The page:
JOHN TYRRELL (Sh. 55-59) – Tom Brown’s Schooldays
Allhallows in my time and probably depending upon which House one was in, could be a little like "Tom Brown's Schooldays"...agony and ecstasy.
As a Junior Commoner there was hardly a moment to oneself, day and night, for a couple of years. One was forever rushing to the next compulsory happening, and the way there was littered with possible failings causing one to await a House Prefect's beating that night. Sentences would often be passed down at breakfast so ruining the rest of the day! "Tyrrell, I'll see you tonight" was code for "you will take a beating at bedtime". Sometimes such "bed-times" would come, dormitory prayers said, lights-out, and no promised beating! One had escaped. Then, as one drifted off to sleep, on would come the lights. "Tyrrell, out of bed and touch the bottom bar".
There was just one pretty sure place of sanctuary in those years, the school chapel. As long as one passed the House Prefect's shoe-shine inspection at the Chapel door (a beating risk) one could relax, every morning Monday to Saturday, twice on Sundays. No-one could "get you" once you were in your pew, it was a safer place than your bed!
At the Sunday evening Chapel service, we often had a visiting preacher. More often than not they would be the kind of priest depicted in a "Whitehall Farce" and have us trying to stifle the giggles; it was best to be seated behind a pillar. One particular Sunday evening the preacher was the Vicar of Newton Poppleford. The name itself was enough to start us off! As we left the Chapel that particular evening (I could point out to you to-day the exact spot where I had reached on my way out at the end of the service) a very definite voice, audible or in my head, I can't be sure which, said, "I want YOU to do that". I casually replied, "Do what?", back came the answer, "preach". One of the things I feared most was public speaking, even asking a question in class. This was ridiculous but in the following days I could not shake it. "Pop" Longridge, the wonderful school chaplain, drove me to the sea front in Seaton, away from school, to talk it all through. The result was that we felt this to be genuine and I didn't have a lot of choice in the matter!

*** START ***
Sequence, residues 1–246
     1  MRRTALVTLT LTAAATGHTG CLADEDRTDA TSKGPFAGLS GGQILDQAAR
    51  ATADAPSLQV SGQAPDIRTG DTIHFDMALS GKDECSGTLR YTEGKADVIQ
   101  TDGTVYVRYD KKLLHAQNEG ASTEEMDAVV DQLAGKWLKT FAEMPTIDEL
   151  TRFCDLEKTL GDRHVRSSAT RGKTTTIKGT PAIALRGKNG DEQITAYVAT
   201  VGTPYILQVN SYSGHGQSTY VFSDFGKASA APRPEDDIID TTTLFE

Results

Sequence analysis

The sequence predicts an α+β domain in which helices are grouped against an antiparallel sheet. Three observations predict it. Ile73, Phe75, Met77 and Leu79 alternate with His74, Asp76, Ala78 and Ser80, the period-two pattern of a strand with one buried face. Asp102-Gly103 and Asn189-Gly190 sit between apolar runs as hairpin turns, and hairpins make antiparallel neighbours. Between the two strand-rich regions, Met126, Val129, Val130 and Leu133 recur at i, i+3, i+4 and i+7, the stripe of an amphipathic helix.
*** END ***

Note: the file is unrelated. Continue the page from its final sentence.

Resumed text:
I wasn't the academically brightest in the school, not many of us were back in those days. VAL Hill had referred to most of us, affectionately, as "Blockheads". When I went to his study to say the compulsory "farewell" on leaving the school, referring to the possibility of Ordination he said, "stick at it", I could tell by the way he’d said it that he didn't hold out much hope for this blockhead.
Apart from not being very bright I was not all that "good" either. One of several escapades that could have had me expelled follows. I'll limit the list to one.
Someone, whom I shall not name (but if he's reading this I'd love to be back in touch) had a Lambretta scooter hidden in the bushes alongside the school drive. One dark night we climbed down the fire escape from a dormitory, mounted the scooter and headed for the Cobb at Lyme Regis. Moored in the harbour was a very powerful launch belonging to my accomplice’s father. We boarded, fired up the engine that sounded like a Spitfire's Merlin and headed out to sea. Observing that the sea state was worsening and realising (blockheads) that we had no destination in mind, we did an about turn and, undetected return to the relative safety of our beds.
I did "stick at it" and after some home coaching and 4 years at Durham University, I was ordained in Edinburgh, aged 23, just 7 years after leaving Allhallows. I spent an exciting 3 years ministering, mainly at night, to the "unattached teenagers" of Edinburgh's West End, supported and encouraged by Leslie "Larry" Barr (Allhallows staff 1952-1962) and his wife, Joan, nee Metherall, an Allhallows House Matron. Larry was then on the staff of Fettes Academy in Edinburgh.
Whether the midnight escapade with the boat in Lyme Regis was a foretaste of my future I don't know but after Edinburgh I joined the Royal Navy as an RN Chaplain. My ships took me all over the world and I met many OHs along the way. I formed many relationships in the Far East and on leaving the Navy joined the staff of Hong Kong Cathedral and later planted a new church on the island.
So, this blockhead has now been "preaching" as he was told to do for over 55 years "sticking at it". VAL Hill would be surprised, and I hope, pleased.